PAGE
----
Table of Contents
List of Abbreviations
2 Overview on Decision Making
2.1 Introduction to Decision Making
2.2 Common Biases in Decision Making
2.3 Mental Processes in Decision Making
3 Implications of Aging
3.1 Age-related Effects on Deliberative Processes
3.2 Age-related Effects on Experiential Processes
3.3 Development of Interaction between Deliberative and Experiential Processes
4 Age-related Differences in Decision Making
4.1 Negativity Bias
4.2 Framing Bias
4.3 Sunk Cost Fallacy
4.4 Priming Effect
4.5 Overconfidence Bias
4.6 Non-Bias Related Differences
5 Implications of Age Differences in Decision Making
List of Abbreviations
Abbildung in dieser Leseprobe nicht enthalten
The world population gets older as life expectancy increases. The population of people over the age of 60 is expected to be over two billion in 2050 (cf. United Nations, 2017, pp. 13-14). Older adults (OA) still face decisions, which might be even more significant or complex than decisions of younger adolescents. For example, the average age of C-suite members in American firms is 54 (cf. Korn Ferry, 2007). On a more individual level, the population aged 55 and higher has a significantly higher mean net worth than the younger population (cf. Bricker et al., 2017, p. 13). Especially, if one accounts for the fact that research has shown that declines in cognitive functioning are seen before the age of 50 (cf. Salthouse, 2004, p. 141), research on aging and decision making (DM) is of high importance.
In recent years numerous papers on this topic were published. This thesis helps existing literature by creating a literature overview to summarize current findings. Because of the reasons above, this thesis concentrates on age-related differences between young and OA, but does not analyze research about DM in childhood. It adds to current literature by being the first work with an extensive overview of age-related changes in the respective analyzed biases with a short subsequent view on financial DM.
The thesis deals with the research question, whether biases of DM literature differ between younger and OA. To answer this question, I examine differences in typical DM biases. The chosen biases are the ones being investigated the most thoroughly in existing literature on aging and DM and wherever possible or necessary I will focus on DM in economic contexts.
The remainder of this paper is organized as follows: section two gives a short overview about the foundations of DM. After examining age-related effects on processes, which underly DM, in chapter three, the fourth chapter deals with age-related differences in DM. Afterwards, I shine a light on potential implications resulting from respective age differences. Chapter six concludes.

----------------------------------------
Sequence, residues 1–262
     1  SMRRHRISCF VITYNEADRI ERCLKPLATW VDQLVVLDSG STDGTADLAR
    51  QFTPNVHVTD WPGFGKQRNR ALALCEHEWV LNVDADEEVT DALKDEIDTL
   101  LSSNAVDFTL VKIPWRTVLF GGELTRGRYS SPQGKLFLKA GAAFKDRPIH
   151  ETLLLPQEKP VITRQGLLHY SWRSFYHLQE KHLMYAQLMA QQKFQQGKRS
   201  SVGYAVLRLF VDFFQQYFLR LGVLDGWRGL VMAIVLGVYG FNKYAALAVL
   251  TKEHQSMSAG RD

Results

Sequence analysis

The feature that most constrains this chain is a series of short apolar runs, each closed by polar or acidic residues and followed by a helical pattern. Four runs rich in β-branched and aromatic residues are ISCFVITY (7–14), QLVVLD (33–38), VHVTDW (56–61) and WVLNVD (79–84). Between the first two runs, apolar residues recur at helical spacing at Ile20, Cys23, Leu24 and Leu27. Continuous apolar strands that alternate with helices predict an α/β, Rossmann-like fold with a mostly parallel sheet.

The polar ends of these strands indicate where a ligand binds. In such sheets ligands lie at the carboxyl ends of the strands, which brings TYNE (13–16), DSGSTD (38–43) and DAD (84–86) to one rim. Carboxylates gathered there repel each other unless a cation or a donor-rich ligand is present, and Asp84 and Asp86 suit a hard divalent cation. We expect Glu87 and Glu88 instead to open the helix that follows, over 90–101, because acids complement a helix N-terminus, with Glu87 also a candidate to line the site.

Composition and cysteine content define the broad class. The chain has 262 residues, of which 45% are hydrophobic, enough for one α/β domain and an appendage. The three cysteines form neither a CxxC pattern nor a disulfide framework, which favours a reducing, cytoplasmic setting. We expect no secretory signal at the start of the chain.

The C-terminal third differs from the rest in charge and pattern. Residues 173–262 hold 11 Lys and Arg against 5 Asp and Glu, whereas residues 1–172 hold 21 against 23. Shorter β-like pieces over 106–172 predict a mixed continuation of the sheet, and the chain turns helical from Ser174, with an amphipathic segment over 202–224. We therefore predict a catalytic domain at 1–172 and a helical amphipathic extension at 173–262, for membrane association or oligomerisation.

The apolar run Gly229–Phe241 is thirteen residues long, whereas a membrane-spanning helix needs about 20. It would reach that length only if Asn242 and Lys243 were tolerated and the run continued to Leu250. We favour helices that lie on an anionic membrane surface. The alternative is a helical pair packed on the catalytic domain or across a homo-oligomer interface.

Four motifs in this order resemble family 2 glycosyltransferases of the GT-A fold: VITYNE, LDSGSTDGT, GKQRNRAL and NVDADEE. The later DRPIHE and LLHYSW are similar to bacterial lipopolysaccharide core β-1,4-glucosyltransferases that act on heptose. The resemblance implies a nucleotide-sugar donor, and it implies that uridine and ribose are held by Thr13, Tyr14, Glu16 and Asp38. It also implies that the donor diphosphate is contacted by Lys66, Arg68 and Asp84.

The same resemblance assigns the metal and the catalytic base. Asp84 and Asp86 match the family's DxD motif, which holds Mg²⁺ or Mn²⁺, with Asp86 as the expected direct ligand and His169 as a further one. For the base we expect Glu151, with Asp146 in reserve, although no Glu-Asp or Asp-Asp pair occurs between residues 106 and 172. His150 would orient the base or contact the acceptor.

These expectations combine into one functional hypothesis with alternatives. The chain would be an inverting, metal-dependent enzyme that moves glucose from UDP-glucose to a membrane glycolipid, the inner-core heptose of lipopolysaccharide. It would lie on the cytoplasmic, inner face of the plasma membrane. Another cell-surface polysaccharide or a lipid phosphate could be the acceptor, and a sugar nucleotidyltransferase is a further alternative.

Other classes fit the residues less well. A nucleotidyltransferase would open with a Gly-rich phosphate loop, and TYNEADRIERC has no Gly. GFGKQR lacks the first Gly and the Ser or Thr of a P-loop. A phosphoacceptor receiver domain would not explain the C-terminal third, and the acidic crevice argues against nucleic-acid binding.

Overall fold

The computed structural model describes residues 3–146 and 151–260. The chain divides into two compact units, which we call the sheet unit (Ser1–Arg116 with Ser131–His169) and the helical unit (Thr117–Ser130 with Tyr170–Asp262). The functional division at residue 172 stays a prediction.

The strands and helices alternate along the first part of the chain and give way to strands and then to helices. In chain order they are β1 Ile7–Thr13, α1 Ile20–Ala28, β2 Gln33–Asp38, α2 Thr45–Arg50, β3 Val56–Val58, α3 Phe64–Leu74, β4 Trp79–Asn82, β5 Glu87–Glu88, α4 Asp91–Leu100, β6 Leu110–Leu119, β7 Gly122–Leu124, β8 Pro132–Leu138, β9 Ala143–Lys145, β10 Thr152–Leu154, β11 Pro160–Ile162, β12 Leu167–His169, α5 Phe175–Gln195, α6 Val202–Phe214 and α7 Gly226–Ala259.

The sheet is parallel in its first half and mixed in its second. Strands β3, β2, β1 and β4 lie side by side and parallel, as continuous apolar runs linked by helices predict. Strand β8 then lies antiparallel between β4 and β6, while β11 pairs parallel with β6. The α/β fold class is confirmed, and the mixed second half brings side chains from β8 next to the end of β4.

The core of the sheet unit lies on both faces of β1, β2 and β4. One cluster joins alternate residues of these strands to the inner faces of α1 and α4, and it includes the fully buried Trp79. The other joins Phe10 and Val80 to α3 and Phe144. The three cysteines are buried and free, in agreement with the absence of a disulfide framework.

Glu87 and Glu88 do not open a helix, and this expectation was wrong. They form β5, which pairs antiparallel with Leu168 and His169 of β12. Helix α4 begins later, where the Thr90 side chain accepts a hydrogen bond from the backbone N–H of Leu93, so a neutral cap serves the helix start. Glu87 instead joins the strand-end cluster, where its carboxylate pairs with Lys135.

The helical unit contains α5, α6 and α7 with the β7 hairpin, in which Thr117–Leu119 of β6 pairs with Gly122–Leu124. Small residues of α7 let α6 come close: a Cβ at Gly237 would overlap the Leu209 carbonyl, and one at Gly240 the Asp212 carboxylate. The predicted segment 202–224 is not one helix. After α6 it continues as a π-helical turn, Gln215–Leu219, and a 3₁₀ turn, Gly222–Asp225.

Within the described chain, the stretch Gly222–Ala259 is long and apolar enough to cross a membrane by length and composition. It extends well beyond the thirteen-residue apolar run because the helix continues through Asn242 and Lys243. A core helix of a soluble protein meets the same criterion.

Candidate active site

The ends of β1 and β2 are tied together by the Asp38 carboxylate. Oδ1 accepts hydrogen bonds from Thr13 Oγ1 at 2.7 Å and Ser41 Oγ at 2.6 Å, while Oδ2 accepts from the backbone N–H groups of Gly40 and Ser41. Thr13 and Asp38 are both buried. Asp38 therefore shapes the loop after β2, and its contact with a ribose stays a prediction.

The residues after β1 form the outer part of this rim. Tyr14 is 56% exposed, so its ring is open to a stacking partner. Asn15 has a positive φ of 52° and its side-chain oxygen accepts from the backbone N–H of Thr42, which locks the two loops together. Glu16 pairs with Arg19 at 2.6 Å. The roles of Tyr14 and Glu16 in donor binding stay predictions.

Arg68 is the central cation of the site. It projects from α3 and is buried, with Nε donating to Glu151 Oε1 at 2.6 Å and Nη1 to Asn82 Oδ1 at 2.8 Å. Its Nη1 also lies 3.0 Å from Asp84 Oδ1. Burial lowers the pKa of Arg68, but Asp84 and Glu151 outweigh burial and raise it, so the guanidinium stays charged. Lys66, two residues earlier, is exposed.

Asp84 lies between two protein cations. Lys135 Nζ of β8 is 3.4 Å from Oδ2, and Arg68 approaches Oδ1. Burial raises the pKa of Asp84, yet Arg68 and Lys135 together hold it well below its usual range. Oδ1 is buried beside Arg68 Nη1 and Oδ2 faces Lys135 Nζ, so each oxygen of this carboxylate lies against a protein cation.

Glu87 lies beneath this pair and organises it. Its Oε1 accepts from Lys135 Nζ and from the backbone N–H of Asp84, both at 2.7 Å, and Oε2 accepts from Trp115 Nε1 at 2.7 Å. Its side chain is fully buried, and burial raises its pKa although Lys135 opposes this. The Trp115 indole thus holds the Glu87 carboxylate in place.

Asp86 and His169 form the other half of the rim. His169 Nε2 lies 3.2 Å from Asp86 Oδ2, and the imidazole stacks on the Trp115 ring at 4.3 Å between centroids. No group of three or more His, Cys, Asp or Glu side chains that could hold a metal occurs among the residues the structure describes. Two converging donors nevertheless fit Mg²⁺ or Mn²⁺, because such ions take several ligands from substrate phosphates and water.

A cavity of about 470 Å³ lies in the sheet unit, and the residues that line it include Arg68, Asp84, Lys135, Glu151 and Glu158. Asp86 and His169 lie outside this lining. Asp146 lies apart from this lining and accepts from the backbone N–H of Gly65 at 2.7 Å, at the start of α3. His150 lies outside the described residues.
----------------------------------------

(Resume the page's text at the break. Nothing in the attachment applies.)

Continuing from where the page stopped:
2 Overview on Decision Making
2.1 Introduction to Decision Making
In the early years of research, the DM process is described as rational. Hence, literature strongly focuses on rational DM theories.
A rational decision is a decision, which tries to maximize the target, which is usually money or utility (cf. von Neumann & Morgenstern, 1953, pp. 8-9). Since I examine DM in uncertain environments which contain risk, a rational decision maker maximizes the “expected value” or, respectively, the “expected utility” (Edwards, 1954, p. 391). Hence, a good decision maximizes the probability of achieving the desired outcome (cf. p. 396).
In order to be able to maximize utility, it has to be a quantitative measure (cf. von Neumann & Morgenstern, 1953, p. 16). This is true, if two axioms are fulfilled. On the one hand, the preferences of any rational decision maker have to be complete, which means that the individual has a clear preference between two alternatives (cf. pp. 26-27). On the other hand, the “transitivity” (p. 27) axiom has to hold, which says that, if option A is preferred over option B and option B is perceived better as option C, it holds that the decision maker also prefers A over C (cf. p. 26). Furthermore, rational DM is based on other assumptions such as “complete information” (p. 30).
The rational DM theory is further developed and expanded. For example, based on actual risk preferences of decision makers, Kahneman & Tversky (1979) develop the prospect theory (cf. p. 263). The theory captures the difference in risk preferences in gain and loss domains via a value function. While individuals are risk prone in gains, they act risk averse in loss domains (cf. pp. 278-280)1. The value function can also explain the loss aversion. Loss aversion reflects the perception that losing an amount of money is more utility-diminishing than winning the same amount (cf. Kahneman & Tversky, 1984, p. 342). In short, that means that “losses loom larger than gains” (p. 346).